The Many Faces of GLUTEN… Masquerader of Disease and Symptoms (Part Three)

Continued from Part Two

Case Study: Osteoporosis and digestive problems

A 37 year old woman presents with weight loss, fatigue, intestinal cramping, intestinal gas and osteoporosis. He had visited a gastroenterologist and several nutritionists and holistic medical doctors. She was put on a vegetarian diet and a huge list of nutritional supplements. The diet and supplements did not help. Gluten intolerance was suspected as the young woman consumed gluten foods often, she noticed they worsened her gas. Most importantly, it is highly unusual for a 37 year old woman to have bone-density confirmed osteoporosis without a true malabsorption disorder. Gluten foods and other food allergies were identified and removed from the diet. Various other tests and evaluations were
performed to determine the extent of her nutritional and metabolic problems. The appropriate supportive nutritional interventions were recommended. She no longer suffers from her symptoms. The osteoporosis is expected to regress significantly.

Removing the Gluten

Removing the gluten once it has been identified as a problem will almost always result in dramatic improvement of symptoms – particularly those relating to the digestive tract directly such as diarrhea, gas and bloating and cramping. As we have stated throughout this paper, the symptoms of gluten intolerance expressed by many other cells, tissues and organ symptoms may not respond so readily to dietary manipulations. The primary reasons for a lack or sluggish response to gluten removal from the diet are:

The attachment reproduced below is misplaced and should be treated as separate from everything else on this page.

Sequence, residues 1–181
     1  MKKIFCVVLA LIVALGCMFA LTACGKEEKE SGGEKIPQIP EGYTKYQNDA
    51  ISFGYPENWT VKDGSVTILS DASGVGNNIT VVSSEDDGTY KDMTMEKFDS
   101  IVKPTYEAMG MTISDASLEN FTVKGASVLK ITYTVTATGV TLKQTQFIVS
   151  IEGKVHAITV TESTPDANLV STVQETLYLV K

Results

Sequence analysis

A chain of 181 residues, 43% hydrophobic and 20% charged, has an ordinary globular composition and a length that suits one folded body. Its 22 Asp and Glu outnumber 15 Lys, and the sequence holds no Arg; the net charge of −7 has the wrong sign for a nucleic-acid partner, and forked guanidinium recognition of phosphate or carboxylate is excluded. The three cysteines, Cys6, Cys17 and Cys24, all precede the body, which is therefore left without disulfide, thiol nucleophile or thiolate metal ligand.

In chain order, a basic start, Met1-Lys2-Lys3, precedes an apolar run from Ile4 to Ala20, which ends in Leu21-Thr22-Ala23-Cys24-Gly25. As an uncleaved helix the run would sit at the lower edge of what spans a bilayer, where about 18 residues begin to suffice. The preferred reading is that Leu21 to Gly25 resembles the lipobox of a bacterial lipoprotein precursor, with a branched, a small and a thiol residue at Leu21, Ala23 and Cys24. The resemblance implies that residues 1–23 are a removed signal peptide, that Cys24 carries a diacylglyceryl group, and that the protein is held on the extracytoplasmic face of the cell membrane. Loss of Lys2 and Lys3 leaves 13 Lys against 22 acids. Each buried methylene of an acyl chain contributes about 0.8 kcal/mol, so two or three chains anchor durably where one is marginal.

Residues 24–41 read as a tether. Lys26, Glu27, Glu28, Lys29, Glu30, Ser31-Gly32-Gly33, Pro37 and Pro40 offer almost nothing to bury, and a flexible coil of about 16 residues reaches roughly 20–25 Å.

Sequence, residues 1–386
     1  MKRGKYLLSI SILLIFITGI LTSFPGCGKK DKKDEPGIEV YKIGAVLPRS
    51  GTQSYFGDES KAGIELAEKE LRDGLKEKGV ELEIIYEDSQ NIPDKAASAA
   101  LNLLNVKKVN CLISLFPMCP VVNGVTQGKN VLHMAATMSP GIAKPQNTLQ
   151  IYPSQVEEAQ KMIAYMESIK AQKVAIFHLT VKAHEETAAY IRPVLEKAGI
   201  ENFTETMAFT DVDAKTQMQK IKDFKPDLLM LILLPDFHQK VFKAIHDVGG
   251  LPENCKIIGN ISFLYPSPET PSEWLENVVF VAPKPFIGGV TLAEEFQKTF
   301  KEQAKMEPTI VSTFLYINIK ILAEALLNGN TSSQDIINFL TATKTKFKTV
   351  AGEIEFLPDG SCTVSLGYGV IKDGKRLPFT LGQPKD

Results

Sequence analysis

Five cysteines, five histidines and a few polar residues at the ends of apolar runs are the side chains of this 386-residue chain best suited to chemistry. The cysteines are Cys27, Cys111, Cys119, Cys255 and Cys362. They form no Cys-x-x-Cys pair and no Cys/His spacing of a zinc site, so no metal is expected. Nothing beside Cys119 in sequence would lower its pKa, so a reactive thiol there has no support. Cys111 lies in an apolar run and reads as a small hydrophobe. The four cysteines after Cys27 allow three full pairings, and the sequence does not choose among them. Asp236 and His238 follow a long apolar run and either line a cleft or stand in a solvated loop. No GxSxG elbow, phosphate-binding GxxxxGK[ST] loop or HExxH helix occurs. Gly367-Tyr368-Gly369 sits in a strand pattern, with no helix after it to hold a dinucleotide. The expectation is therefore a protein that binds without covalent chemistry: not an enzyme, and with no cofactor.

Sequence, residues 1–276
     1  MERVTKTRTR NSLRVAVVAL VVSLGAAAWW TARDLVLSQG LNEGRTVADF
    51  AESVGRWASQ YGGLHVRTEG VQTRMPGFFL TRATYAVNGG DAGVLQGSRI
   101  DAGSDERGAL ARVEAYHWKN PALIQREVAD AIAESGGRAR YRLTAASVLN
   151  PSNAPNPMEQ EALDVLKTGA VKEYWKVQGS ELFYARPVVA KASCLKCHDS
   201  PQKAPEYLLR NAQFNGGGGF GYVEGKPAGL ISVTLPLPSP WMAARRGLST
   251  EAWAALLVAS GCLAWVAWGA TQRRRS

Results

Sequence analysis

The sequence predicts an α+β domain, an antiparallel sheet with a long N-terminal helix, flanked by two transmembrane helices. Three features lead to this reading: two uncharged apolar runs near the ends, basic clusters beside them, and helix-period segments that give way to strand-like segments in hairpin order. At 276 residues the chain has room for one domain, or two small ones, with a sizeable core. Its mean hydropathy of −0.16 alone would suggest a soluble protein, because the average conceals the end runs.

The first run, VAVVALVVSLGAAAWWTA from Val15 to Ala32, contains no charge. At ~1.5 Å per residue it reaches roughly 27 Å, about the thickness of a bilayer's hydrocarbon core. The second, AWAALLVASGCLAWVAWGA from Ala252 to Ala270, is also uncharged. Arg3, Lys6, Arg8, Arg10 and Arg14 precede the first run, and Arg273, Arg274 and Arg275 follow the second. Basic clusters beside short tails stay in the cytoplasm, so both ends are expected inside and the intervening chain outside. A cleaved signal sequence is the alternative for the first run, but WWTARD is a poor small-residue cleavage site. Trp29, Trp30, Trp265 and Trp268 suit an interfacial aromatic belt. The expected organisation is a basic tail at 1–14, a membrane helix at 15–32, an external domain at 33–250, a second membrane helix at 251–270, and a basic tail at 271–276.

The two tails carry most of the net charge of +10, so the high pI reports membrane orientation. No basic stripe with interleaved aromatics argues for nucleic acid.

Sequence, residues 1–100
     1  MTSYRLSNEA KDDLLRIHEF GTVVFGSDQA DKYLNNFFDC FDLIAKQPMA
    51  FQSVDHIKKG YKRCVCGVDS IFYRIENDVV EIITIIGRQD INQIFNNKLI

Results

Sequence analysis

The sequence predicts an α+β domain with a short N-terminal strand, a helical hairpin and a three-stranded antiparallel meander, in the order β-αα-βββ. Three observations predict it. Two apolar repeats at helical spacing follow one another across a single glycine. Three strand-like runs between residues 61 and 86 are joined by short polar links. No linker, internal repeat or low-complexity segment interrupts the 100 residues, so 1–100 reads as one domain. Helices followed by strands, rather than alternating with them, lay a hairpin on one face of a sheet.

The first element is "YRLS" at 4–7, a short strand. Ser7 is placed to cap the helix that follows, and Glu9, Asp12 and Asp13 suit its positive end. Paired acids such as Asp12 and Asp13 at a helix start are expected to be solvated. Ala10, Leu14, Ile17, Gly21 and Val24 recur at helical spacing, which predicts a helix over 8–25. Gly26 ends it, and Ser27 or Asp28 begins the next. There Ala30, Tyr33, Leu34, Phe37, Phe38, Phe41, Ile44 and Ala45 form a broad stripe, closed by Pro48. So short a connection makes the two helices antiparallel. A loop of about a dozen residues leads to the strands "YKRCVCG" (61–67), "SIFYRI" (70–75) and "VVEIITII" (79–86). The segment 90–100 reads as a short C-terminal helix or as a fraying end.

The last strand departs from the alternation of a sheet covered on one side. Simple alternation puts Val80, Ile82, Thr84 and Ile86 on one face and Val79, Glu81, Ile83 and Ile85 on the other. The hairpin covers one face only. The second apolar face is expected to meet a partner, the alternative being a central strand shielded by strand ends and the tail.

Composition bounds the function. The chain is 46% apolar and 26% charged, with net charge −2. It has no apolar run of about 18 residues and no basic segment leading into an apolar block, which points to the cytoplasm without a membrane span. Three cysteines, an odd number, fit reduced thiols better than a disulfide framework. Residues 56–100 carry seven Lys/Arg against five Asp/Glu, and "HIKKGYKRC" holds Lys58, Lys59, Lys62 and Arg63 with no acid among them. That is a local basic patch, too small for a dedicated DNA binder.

• Nutritional deficiencies may have resulted over an extended period of time and will take adequate time to be corrected – even after gluten removal.
  • Removal of gluten may remove the major cause (trigger) of malapsorption and cellular damage, but it may not be the only cause. Dairy products may also cross-react with gluten in some persons. Simply removing the gluten may not cause healing to occur to an adequate level until other allergens are identified and eliminated. Proper nutrition can then be prescribed for healing to occur.
  • Even if gluten, dairy or other related and reactive foods are identified and removed, nutritional deficiencies may have adversely affected the function of one or more tissues and organ systems (secondary effects). These secondary effects of gluten or related food sensitivities may be extensive and will require additional nutritional and medical attention to correct – extensive time may also be required.
  • As each individual responds differently to gluten healing time and response to therapy will vary widely based on these and other considerations: age of the individual; general state of health; intake of prescription and non-prescription medications, stress levels; and other lifestyle factors.
  • Correction of the diet without paying the proper attention to the quality of the nutritional interventions often results in incomplete or failed nutritional therapies. For example, even if the correct nutritional factors are identified (i.e., protein and B-12 deficiency), and given orally once gluten and gluten-related foods are removed, they still may not be fully absorbed. Intramuscular and/or intravenous administration of nutrition may be required to bypass faulty intestinal absorption until the gut itself is healed.

Potential Disease Conditions Caused and/or Precipitated by Gluten Intolerance (sensitivity)